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What equipment do i need to start out taking portrait shots.

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Paul Morgan
Paul Morgan e2 Member 1314814 forum postsPaul Morgan vcard England6 Constructive Critique Points
1 Feb 2014 - 2:25 AM

I meter is not essential but it is a great teaching aid and saves one heck of a lot of buggering about and farting around shifting lights, fiddling with flash settings and chimping.

And if your using more than one light source a meter really starts to pay for itself.


Quote: And if you don't use a flash, you don't need a flash meter!

There is still the ambient light and incident readings are far better than reflective readings.

http://www.youtube.com/watch?v=7lJzGrzVW4s

A second hand meter need not cost any more than fifty or sixty quid, a basic flash another 30 or 40, maybe less.

Lighting modifiers, just pennies if you make your own.

Last Modified By Paul Morgan at 1 Feb 2014 - 2:55 AM
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lemmy
lemmy  71762 forum posts United Kingdom
1 Feb 2014 - 12:11 PM


Quote: but IMHO it is better to be able to understand lighting ratios whatever the circumstances, than to just be able to master selecting ttl and hoping for the best.

I couldn't agree more. It is so easy to bang on about flashes and equipment but once you understand lighting and can visualize how you want a picture to look, the posing, the personality, you are on the way to mastering portraiture.

The technical side of it is much more easily learned, luckily.

thewilliam
1 Feb 2014 - 2:05 PM

Some folk can "see" lighting but others can't. It's still possible for both groups to create good photography but some have to work at it.

She-who-must-be-obeyed is one who just sees light, so when she started shooting professionally about a decade ago, her work was good from the start. When she retired from weddings and started to use the studio, the conversion was painless because our lights are truly WYSIWYG and she always drew the curtains when shooting her "bump" clients.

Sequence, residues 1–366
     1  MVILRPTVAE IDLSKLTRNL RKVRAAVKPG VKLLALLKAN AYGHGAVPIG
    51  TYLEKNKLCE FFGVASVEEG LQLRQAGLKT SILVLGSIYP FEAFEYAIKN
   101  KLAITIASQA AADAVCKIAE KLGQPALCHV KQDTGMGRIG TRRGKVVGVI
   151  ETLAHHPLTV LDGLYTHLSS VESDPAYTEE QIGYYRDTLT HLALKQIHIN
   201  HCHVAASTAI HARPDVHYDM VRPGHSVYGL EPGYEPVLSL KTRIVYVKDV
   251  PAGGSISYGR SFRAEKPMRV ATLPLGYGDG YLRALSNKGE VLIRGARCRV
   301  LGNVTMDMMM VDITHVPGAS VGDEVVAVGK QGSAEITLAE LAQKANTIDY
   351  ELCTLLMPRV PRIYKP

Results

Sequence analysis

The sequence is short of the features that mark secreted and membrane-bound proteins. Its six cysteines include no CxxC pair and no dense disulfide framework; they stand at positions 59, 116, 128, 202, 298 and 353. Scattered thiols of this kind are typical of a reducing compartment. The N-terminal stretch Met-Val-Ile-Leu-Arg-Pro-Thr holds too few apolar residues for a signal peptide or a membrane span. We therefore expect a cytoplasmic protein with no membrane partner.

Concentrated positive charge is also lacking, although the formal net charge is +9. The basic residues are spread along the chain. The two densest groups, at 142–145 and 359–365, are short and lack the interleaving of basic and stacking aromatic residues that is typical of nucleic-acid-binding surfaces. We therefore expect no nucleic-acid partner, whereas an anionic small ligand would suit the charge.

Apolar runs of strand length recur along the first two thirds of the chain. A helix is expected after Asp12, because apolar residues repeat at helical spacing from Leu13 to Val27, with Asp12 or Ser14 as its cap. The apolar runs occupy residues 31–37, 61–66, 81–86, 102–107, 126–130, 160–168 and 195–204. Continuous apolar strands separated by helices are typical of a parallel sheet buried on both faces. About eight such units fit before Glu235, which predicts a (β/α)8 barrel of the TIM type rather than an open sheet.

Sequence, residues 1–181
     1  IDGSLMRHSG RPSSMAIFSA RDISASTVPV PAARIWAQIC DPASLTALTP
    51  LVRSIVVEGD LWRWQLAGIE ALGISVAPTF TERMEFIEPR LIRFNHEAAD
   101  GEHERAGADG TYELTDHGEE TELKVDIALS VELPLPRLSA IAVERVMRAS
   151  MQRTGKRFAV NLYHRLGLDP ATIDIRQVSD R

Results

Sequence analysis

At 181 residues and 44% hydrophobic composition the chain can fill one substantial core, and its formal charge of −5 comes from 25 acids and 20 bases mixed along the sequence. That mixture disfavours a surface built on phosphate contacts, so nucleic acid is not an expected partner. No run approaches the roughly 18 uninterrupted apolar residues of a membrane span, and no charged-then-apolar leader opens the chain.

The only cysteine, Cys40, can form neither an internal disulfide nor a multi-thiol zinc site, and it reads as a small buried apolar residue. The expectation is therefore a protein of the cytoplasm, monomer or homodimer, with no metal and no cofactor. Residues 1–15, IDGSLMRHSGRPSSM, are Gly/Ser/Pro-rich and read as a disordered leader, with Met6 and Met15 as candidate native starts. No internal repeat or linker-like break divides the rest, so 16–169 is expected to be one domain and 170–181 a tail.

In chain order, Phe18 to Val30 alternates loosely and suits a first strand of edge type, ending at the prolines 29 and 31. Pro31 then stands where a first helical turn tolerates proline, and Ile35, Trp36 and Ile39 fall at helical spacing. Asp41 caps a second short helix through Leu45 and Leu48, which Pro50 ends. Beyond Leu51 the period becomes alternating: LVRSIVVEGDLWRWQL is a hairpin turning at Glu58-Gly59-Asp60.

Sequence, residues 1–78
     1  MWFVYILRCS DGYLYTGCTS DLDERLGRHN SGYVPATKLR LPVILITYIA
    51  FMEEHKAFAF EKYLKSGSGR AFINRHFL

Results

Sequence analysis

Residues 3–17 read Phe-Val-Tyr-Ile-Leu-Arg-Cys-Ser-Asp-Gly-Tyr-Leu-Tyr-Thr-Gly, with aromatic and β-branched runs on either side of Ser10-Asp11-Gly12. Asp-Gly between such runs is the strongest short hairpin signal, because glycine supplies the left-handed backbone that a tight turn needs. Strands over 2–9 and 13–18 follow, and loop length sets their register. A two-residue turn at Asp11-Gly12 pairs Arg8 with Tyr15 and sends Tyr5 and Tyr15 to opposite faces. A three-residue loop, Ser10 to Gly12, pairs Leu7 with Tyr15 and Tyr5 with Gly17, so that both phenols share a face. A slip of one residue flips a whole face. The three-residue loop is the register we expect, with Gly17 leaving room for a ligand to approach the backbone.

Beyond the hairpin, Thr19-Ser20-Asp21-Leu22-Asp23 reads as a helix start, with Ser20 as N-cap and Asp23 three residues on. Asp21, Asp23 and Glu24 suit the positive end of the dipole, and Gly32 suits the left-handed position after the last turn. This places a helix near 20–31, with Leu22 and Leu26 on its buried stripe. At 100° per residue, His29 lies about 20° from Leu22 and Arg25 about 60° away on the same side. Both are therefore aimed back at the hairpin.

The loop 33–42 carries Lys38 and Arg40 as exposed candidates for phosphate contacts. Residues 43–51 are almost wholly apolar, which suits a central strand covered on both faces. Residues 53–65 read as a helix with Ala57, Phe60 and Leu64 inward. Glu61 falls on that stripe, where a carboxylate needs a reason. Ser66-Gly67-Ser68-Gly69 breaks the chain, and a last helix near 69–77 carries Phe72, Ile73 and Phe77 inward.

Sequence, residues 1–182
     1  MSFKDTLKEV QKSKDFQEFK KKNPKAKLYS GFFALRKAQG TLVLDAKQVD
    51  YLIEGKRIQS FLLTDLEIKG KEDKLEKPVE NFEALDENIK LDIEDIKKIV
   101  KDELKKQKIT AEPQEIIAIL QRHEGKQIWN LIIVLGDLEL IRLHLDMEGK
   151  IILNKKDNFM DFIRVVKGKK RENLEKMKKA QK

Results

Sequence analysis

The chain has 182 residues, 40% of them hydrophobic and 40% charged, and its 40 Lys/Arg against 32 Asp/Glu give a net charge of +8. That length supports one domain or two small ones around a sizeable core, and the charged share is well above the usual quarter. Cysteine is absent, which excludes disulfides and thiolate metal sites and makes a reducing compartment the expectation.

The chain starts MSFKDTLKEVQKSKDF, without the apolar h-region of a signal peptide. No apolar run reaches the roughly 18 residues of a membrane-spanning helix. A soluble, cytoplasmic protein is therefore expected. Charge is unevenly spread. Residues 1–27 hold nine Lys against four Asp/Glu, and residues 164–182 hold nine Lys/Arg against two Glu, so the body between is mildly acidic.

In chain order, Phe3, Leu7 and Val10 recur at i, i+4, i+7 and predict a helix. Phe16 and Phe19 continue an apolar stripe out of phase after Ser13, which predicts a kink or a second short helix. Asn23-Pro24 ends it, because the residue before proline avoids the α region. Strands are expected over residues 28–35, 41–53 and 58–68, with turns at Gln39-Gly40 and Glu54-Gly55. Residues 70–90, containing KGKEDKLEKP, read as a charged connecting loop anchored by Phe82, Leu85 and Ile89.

We'd both find it tricky to work on location with an assortment of flashguns if they were all of different power. There's a lot to be be said for getting "a set" of lights!

Sooty_1
Sooty_1 Critique Team 41174 forum posts United Kingdom196 Constructive Critique Points
2 Feb 2014 - 10:44 AM

And if your using more than one light source a meter really starts to pay for itself.
There is still the ambient light and incident readings are far better than reflective readings.


A hand held meter is very useful, but perhaps this would be a good moment to define the differences between flash metering and ambient metering.

If using flash, a normal hand held meter will not do. The duration of the light is so short that it will not give an accurate reading, so a dedicated flash meter is needed. If using continuous light, an ambient meter is needed, whether you do reflective or incident readings (incident is more accurate). Each can be bought for only a few pounds (you really do only need a basic model), but if only testing the water, how much do you want to spend?


Quote: A second hand meter need not cost any more than fifty or sixty quid, a basic flash another 30 or 40, maybe less.

To start out doing even head and shoulder portraits using flash, you will need:
A flash
A stand to attach it to
Light modifiers....eg softbox, brolly (reflective or shoot through), snoot, barn doors etc
A way of triggering the flash (pc lead, slave cell, ir trigger, radio trigger etc)
Reflectors
Backdrops
A meter
Your camera

Some of this list you may have, some you can improvise, some you can do without, but if you were to buy what some recommend, you will easily spend into the hundreds of pounds.

Also, it doesn't have to be a case of "seeing the light", more a case of "knowing the light". You can establish several set ups by experimentation and making notes, if you can't visualise how it will look. There are some very famous photographers who made a name just shooting a couple of set ups, but it's capturing the character of the sitter that is more important. Keep the lighting simple and spend the time interacting with the sitter; it is far more important and productive than minor tweaks to the set up.

Nick

lemmy
lemmy  71762 forum posts United Kingdom
2 Feb 2014 - 11:27 AM


Quote: And if your using more than one light source a meter really starts to pay for itself

Light meters were great in film days but the ability to make immediate test shots and view them on a tablet makes them an unnecessary encumbrance on digital in my opinion.

No-one was a greater advocate of the Minolta meter for studio use than me back then but now, I don't see the need.

keithh
keithh  1022729 forum posts Wallis and Futuna29 Constructive Critique Points
2 Feb 2014 - 12:15 PM

People who learn by fiddling, generally never come to fully understand what they are doing. A flash meter will help you grasp what is happening and what needs to happen.